Three elements and five criteria help answer the question “Is this approach EbA or not?”. EbA elements reflect the 2009 CBD definition for EbA which says that EbA (i) helps people adapt to climate change (ii) by an active use of biodiversity and ecosystem services, (iii) in the context of an overall adaptation strategy. All three elements of the CBD definition must be addressed in order for an activity, initiative, project, approach, strategy and/or measure to qualify as ecosystem-based adaptation.
Not only do the five criteria help determine whether a proposed activity is actually EbA, but they also help practitioners avoid maladaptation – whereby the activity is in fact detrimental to adaptation in the long-term, in a different aspect (socially, environmentally, economically, etc.), or for a neighboring area.
The following information is derived from the FEBA technical paper, Making Ecosystem-based Adaptation Effective – A Framework for Defining Qualification Criteria and Quality Standards, produced with GIZ, IUCN, and IIED, with support from BMU. Read more: EN | ES | FR
Element A – EbA helps people adapt to climate change
Criterion 1. Reduces social and environmental vulnerabilities.
EbA must explicitly address current and future climate change and climate variability. It is based on assessments of climatic vulnerability, hazards and risks to people, as well as the adaptation benefits derived from ecosystem services. A combination of climate information (based on the best available scientific data and models and local knowledge) and vulnerability assessments should form the basis for implementation. EbA measures need to reduce climate vulnerabilty for people at an appropriate scale (e.g. at least local scale but ideally ecosystem or landscape/seascape scale).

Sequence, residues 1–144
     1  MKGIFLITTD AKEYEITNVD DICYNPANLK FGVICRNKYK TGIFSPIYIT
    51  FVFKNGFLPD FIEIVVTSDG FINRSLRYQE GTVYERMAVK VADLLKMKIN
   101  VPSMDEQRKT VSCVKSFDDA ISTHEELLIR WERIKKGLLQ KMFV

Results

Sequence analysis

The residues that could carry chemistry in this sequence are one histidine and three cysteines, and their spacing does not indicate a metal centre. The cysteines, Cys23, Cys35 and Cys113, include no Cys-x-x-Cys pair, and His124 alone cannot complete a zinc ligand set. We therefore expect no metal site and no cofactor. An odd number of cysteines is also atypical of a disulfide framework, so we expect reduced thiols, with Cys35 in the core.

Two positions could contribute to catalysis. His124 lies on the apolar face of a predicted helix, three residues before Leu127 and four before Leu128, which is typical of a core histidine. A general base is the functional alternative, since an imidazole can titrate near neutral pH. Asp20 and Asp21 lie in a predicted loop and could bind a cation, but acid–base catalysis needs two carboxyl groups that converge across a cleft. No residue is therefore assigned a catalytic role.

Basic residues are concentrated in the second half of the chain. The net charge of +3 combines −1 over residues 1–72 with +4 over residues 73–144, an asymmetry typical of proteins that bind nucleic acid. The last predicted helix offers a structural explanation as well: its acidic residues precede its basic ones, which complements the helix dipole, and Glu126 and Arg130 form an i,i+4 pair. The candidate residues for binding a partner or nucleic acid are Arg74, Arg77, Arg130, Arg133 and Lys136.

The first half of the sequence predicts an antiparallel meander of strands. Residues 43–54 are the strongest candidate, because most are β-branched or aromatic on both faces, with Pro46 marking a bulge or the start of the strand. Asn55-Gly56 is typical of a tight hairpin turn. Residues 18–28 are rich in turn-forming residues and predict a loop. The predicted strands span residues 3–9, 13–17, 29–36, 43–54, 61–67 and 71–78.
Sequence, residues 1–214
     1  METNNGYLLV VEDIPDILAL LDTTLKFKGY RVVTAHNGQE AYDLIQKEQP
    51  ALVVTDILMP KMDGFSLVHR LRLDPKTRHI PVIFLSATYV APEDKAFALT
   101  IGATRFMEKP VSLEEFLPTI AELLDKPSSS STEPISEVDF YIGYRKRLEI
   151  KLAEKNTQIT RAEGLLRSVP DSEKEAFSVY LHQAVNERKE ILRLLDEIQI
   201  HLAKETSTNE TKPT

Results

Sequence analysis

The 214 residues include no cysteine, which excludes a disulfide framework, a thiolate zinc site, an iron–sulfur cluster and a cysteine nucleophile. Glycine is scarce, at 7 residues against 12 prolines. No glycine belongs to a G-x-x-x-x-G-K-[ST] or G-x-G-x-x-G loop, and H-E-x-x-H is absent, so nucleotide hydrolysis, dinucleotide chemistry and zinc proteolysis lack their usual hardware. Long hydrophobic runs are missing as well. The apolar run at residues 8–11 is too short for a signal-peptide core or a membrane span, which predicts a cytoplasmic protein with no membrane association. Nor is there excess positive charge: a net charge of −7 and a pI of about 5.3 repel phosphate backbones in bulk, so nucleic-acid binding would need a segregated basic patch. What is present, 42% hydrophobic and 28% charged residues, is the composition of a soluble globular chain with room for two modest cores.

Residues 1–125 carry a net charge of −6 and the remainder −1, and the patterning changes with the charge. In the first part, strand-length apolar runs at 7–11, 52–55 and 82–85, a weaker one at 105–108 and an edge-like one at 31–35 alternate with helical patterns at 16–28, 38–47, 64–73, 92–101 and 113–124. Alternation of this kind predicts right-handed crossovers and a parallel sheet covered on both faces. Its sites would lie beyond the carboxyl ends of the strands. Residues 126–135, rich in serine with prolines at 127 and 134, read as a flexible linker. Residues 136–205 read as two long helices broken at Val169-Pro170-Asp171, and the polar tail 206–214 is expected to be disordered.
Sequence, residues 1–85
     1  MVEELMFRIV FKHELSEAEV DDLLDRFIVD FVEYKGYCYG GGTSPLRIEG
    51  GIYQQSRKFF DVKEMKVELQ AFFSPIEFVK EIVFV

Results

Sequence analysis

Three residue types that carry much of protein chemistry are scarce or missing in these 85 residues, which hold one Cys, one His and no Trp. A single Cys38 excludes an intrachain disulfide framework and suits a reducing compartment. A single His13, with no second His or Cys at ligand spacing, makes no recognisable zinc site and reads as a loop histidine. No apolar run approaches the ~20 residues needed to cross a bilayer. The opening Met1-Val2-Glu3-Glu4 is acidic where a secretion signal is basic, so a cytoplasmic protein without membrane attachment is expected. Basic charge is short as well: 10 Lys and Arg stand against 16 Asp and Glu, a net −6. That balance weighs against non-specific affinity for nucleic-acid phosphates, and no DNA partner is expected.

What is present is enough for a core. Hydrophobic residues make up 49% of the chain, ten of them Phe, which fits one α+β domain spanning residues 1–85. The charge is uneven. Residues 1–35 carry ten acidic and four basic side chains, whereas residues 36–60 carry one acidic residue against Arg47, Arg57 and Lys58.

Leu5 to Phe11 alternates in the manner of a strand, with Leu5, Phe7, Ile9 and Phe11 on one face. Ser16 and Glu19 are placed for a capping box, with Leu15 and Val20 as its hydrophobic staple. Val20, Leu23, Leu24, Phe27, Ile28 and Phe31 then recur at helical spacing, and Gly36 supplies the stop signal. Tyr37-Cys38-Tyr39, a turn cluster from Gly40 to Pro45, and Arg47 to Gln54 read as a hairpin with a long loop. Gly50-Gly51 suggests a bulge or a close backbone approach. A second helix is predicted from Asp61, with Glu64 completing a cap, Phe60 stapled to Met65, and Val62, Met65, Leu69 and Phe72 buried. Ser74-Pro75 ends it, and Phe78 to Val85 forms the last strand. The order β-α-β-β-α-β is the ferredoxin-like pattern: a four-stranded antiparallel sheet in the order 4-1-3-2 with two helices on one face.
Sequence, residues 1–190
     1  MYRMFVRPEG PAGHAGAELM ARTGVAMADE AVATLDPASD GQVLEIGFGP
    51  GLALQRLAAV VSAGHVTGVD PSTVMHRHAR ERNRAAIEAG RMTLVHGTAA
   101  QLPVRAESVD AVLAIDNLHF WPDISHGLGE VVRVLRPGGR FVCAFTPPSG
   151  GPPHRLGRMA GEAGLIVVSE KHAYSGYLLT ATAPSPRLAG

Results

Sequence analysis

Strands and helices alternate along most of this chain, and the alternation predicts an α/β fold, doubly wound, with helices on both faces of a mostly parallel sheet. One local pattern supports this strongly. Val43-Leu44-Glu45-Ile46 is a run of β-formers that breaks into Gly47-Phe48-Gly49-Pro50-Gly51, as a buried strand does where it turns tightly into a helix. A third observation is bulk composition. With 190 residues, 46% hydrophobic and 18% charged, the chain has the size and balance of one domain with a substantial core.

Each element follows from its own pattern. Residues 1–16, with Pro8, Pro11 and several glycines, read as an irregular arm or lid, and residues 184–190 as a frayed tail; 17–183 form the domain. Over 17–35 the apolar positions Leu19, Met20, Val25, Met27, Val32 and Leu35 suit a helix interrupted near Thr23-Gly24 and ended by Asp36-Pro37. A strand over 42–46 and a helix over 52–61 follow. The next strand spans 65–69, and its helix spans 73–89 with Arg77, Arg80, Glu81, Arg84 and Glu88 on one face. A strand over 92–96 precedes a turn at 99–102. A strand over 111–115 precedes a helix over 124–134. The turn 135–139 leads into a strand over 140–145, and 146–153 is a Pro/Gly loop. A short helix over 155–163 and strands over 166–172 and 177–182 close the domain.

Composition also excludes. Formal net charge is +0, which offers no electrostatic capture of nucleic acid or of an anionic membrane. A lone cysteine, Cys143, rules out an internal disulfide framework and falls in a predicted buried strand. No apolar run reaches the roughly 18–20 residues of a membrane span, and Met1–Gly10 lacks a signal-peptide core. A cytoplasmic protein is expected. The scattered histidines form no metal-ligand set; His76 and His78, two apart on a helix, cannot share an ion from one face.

Criterion 2. Generates societal benefits in the context of climate change adaptation.
EbA reduces vulnerabilities of people through the use of biodiversity and ecosystem services and by producing societal benefits in a fair and equitable manner. It addresses the needs of people, especially those who directly depend on or use natural resources and who are particularly vulnerable to climate change impacts. EbA delivers direct or indirect benefits that increase peoples’ resilience to climate change, including enhanced food security, shelter, risk reduction, provision of fresh water and medicine, and local climate regulation. It also often generates additional benefits essential for sustainable development including carbon sequestration, habitat provision or medicinal resource provision. In order for EbA to support adaptive capacities it needs to distribute short-, medium- and long-term benefits. Comparative analyses on the extent and scale of adaptive capacity and resilience benefits should clarify whether EbA measures are economically feasible and can complement or substitute other adaptation options. Benefits should be distributed fairly among a representative percentage of the target group.
Element B – EbA makes active use of biodiversity and ecosystem services
Criterion 3. Restores, maintains or improves ecosystem health.